Sharpening an Old Tool for FARA Enforcement
June 01, 2022

Sharpening an Old Tool for FARA Enforcement
On May 17, the DOJ filed a civil complaint – the first in 30 years – to compel an individual to register as a foreign agent under the Foreign Agents Registration Act. That individual is Steven Wynn, of casino and hotel fame, whom the DOJ said it asked to register as a foreign agent three times. On April 13, 2022, Wynn, also the former finance chair of the Republican National Committee, was given 30 days to register.

David Laufman, a partner at Wiggins Dana and former head of the Counterintelligence and Export Control Section (where the DOJ’s FARA Unit is housed), told me a year ago for the Anti-Corruption Report’s article series on FARA that civil action authority is a “gun on the mantelpiece that is not as cold as it was before.” The DOJ is making more requests as its resources for FARA enforcement increase, and more companies and individuals are challenging the DOJ’s determination that they have an authority to register, Morrison Foerster partner and former FARA Unit Head Brandon Van Grack said.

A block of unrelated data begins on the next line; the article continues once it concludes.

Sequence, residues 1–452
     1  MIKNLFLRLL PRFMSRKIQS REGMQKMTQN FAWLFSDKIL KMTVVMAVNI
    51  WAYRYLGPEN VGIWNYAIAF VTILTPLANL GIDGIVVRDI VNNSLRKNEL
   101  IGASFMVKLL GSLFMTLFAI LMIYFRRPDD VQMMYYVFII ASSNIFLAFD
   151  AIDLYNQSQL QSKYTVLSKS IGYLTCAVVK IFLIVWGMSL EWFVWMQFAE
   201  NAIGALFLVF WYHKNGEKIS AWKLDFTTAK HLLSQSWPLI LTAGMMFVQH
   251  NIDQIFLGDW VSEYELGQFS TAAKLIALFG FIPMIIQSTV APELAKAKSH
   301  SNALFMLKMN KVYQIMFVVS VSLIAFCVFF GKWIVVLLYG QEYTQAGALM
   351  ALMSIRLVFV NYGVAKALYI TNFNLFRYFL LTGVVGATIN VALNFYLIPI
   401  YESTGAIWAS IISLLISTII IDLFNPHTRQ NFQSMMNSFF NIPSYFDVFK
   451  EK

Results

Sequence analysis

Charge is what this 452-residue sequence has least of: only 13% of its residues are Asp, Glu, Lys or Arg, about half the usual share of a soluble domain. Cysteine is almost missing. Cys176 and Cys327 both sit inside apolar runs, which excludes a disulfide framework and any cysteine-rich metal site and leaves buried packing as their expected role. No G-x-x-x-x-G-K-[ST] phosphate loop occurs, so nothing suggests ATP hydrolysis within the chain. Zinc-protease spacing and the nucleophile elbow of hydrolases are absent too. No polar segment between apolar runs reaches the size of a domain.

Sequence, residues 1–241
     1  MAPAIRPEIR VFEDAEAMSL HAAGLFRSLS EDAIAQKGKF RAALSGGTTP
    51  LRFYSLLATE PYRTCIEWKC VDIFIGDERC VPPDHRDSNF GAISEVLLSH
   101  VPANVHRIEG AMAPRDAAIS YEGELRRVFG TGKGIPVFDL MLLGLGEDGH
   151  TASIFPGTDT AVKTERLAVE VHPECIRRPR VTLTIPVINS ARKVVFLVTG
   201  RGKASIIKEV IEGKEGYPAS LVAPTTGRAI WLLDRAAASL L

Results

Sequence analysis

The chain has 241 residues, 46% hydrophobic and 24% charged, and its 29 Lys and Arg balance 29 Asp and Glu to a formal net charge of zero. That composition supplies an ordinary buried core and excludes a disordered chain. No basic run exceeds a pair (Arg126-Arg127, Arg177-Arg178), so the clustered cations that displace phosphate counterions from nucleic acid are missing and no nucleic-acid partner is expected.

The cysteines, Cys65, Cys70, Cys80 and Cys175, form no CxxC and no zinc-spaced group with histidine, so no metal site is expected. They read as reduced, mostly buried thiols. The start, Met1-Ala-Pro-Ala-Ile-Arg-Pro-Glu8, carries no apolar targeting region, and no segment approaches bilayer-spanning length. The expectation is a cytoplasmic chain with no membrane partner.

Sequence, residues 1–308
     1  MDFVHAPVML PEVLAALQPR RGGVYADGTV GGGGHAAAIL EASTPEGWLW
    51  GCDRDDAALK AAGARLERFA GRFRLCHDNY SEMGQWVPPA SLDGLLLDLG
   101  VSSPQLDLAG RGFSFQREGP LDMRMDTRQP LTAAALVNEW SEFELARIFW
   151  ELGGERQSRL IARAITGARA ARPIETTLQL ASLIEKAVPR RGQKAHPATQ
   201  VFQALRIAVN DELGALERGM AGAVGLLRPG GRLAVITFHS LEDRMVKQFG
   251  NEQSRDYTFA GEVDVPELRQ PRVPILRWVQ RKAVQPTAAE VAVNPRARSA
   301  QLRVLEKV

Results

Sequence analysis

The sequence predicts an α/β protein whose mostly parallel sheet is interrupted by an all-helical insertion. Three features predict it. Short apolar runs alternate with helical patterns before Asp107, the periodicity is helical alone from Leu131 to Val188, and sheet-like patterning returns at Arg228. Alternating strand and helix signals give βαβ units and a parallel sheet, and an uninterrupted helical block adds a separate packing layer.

The DOJ alleged that Wynn had at least eight telephone calls with the former Chinese Vice Minister for Public Security, Sun Lujin, in 2017 about removing a Chinese national (unnamed but widely thought to be a billionaire real estate developer) from the U.S. who had sought asylum. Wynn allegedly urged then-President Trump to remove the Chinese national in meetings at the White House, with the motivation, according to the DOJ, of protecting his casino business in the Macao region of China. Among other allegations, the DOJ said Wynn called Trump about the matter from a yacht owned by Elliot Broidy (who, after pleading guilty to FARA charges, was later pardoned by Trump) while on a trip off the coast of Italy. The efforts were ultimately unsuccessful. There is no allegation Wynn was paid for his actions, or entered into a contract, however, under the statute, a request to engage in activities is enough to establish agency, and the DOJ has argued “direction and control” is not needed.

“Where a foreign government uses an American as its agent to influence policy decisions in the United States, FARA gives the American people a right to know,” Assistant Attorney General Matthew Olsen said in the statement announcing the case. 

As we wrote in a previous Brief, changes to the 80-plus-year-old law may be on the horizon to potentially give the DOJ more enforcement authority. 

Let us know your thoughts on FARA enforcement and compliance in this new environment.

Rebecca Hughes Parker
Global Editor-in-Chief

 
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